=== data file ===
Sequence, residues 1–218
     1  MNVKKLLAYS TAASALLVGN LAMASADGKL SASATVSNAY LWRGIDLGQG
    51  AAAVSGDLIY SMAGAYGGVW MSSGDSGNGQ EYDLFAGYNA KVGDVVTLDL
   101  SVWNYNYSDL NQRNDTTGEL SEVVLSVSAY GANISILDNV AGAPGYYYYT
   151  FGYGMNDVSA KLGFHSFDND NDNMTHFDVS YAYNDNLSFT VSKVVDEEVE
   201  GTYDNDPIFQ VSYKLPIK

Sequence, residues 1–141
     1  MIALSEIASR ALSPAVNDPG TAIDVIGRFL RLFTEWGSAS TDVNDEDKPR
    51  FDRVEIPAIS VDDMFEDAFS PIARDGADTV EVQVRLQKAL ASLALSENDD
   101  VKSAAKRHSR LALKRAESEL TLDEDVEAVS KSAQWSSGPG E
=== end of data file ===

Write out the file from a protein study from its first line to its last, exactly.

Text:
Sequence, residues 1–218
     1  MNVKKLLAYS TAASALLVGN LAMASADGKL SASATVSNAY LWRGIDLGQG
    51  AAAVSGDLIY SMAGAYGGVW MSSGDSGNGQ EYDLFAGYNA KVGDVVTLDL
   101  SVWNYNYSDL NQRNDTTGEL SEVVLSVSAY GANISILDNV AGAPGYYYYT
   151  FGYGMNDVSA KLGFHSFDND NDNMTHFDVS YAYNDNLSFT VSKVVDEEVE
   201  GTYDNDPIFQ VSYKLPIK

Sequence, residues 1–141
     1  MIALSEIASR ALSPAVNDPG TAIDVIGRFL RLFTEWGSAS TDVNDEDKPR
    51  FDRVEIPAIS VDDMFEDAFS PIARDGADTV EVQVRLQKAL ASLALSENDD
   101  VKSAAKRHSR LALKRAESEL TLDEDVEAVS KSAQWSSGPG E